The ATAR wars entered another round yesterday, with Victoria University VC Peter Dawkins and Professor Yong Zhao responding in The Australian to my Grattan Institute colleague Ittima Cherastidtham’s op-ed supporting ATAR.
This debate can get confusing, because semi-related arguments are blurred together.
The most impassioned opposition to ATAR seems to be about its claimed effects on schools. As Dawkins and Zhao say,
“…it is a sad indictment of our education system that maximising ATAR is the primary focus for far too many students, rather than following passions and preparing for the future by developing their talents…”.
Even though they later question whether ATAR is a good predictor of success, they could accept that ATAR is useful in university admissions and still oppose it, on the grounds that the cost of ATAR to school education exceeds the value of its benefits to higher education.
I am sceptical of the idea that abolishing ATAR would let more students follow their passions (‘passions’ perhaps; but I prefer ‘interests’ as encompassing a wider variety of emotional commitments), or prepare them better for the future.
ATAR meets a university need that will not go away. Some kind of selection rank system is needed for distributing student places when demand exceeds supply for a particular course. So the question is not whether ATAR has flaws or some undesired consequences, but how ATAR compares to its likely alternatives.
The most obvious alternative to ATAR are general ability tests like the American SAT and/or additional exams related to course disciplines. While schools would maintain purposes other than maximising student results for university tests, the general effect of these would be to give universities more de facto control than now over curriculum, at least in the schools where most students want to go to university (this would lower the status of other schools, which would risk being seen as teaching a curriculum that lacked intellectual rigour, and as producing results that were not reliable or transparent).
By contrast, ATAR does not determine the curriculum. Its purpose is to, as much as is possible, create a selection rank for people who have taken different subjects (followed their passions?) and/or have been through different education systems (the states, the IB), which can emphasise different things (preparing better or worse for the future) or use different teaching methods. ATAR is more pluralistic and broader in what it can incorporate than the likely university-driven alternative selection methods.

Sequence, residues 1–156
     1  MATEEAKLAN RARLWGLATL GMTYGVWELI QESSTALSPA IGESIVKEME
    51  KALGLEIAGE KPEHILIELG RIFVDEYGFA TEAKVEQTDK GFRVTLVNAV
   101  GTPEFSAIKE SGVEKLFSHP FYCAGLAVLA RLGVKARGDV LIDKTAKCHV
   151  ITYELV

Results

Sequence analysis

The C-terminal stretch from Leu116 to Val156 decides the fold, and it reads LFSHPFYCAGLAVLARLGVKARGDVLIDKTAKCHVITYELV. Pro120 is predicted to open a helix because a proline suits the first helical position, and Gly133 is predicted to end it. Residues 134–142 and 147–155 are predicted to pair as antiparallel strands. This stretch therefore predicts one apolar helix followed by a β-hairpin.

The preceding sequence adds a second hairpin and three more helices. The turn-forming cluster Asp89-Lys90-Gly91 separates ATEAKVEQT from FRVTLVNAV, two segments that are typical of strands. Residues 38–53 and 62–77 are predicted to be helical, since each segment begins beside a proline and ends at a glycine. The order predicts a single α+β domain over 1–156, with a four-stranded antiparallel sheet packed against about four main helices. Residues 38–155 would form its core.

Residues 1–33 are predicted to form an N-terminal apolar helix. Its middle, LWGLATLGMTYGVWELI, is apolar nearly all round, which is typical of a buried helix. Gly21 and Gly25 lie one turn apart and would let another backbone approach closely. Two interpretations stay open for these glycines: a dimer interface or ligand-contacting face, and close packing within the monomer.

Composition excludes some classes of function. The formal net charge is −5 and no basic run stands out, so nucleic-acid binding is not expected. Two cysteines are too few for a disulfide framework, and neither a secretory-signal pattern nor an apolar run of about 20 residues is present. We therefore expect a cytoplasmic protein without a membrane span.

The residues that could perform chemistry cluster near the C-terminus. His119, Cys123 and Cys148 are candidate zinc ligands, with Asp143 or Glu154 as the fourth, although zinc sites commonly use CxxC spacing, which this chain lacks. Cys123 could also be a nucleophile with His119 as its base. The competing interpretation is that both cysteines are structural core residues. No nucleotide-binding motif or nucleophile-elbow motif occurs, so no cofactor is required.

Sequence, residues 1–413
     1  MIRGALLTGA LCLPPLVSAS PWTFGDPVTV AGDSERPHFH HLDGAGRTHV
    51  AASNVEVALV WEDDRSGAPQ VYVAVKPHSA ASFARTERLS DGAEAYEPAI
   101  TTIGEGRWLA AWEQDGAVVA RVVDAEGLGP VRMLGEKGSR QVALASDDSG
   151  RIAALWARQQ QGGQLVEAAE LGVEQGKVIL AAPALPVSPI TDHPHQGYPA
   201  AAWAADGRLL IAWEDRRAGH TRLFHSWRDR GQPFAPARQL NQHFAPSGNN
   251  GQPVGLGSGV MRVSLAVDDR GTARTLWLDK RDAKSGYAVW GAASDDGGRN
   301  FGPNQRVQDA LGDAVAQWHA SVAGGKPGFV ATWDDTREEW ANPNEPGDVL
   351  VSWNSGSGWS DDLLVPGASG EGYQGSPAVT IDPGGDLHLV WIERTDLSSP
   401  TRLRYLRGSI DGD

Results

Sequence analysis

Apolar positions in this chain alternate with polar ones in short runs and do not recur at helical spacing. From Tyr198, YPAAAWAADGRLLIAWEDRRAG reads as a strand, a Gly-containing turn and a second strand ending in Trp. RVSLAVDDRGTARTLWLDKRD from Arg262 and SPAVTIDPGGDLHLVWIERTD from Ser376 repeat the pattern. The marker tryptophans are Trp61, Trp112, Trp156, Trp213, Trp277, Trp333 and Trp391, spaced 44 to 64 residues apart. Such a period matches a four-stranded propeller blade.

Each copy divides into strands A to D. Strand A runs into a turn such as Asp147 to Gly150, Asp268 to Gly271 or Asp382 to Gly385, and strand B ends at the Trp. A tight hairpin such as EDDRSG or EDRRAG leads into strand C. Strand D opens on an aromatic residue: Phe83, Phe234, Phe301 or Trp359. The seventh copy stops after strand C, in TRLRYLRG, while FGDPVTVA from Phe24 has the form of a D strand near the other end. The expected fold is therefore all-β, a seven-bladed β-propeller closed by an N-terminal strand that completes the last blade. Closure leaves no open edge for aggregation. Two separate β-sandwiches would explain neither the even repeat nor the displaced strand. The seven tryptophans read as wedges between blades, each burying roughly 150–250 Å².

The argument that ATAR-maximising is a major problem also has weaknesses. One survey did find that about a third of Year 12 students chose one or more subjects to help them get a higher ATAR. But surely there is no sin in pragmatically choosing subjects that contribute to other goals. Welcome to a life of such pragmatic choices. While it is good when students enjoy school, Year 12 is also a stepping stone to fulfilling more important passions/interests, university courses and the careers that degrees can lead to.
Surveys of university students show that, unsurprisingly, interest in a course is the most common reason for choosing it. While not every student has clear course interests to pursue, often career interests begin developing at a young age. In a recent Grattan paper, we summarise some of the research on interests and how they stabilise and cluster. While school leavers may want to maximise their ATAR’s value by picking the highest-ATAR course, that is usually within their cluster of interests.
The chart below uses the preference flows in applications to tertiary admissions centres and shows that students maximise their interests. Most lower preferences are for other courses in the same field, or in another field that is a common entry route to the higher-preference field (for example, medical, dental and veterinary science applicants preference science courses; law applicants preference commerce and arts).
In university selection, not maximising ATAR means that students are more likely to miss taking the course that interests them the most, are more likely to miss out on pursuing their ‘passion’.
In reality, I doubt the Year 12 incentive systems are too bad. Year 12 students might choose subjects that are not their favourites for strategic reasons, but they are unlikely to get high marks in a subject that doesn’t interest them.
Perhaps what we need more than an alternative to ATAR is some perspective. Some courses have very competitive entry systems, but the reality is that overall it has never been easier to get into university than it is now. The next post will look at this.
2 thoughts on “Is ATAR bad for school education?”
Whilst this article covers some interesting thoughts it does show a lack of true understanding of the effects of the ATAR on the curriculum. It’s effect is far broader than just subject selections. It’s more about the impact within the teaching of the curriculum.
To suggest that a change to the ATAR would potentially lessen the value of some schooling is also flawed and perhaps not the most sound basis for keeping the ATAR.
I really have never hated the atar system that much until today, where I had to choose between moving out of a subject that was hard but actually forced me to think about how I would figure out things and use formulas correctly, a subject where yes I might have gotten a lower ATAR score but I would actually learn things and because of that I liked doing it, into a subject whose entire course I could run through in a couple of days, where I didn’t have to think about anything I was doing, where I wasn’t learning anything and nothing was stimulating, but hey at least I can get a good atar score! School is supposed to be bout learning shit not having to take advantage of the system to get a good score by taking the easiest least demanding classes that require the least brainwork possible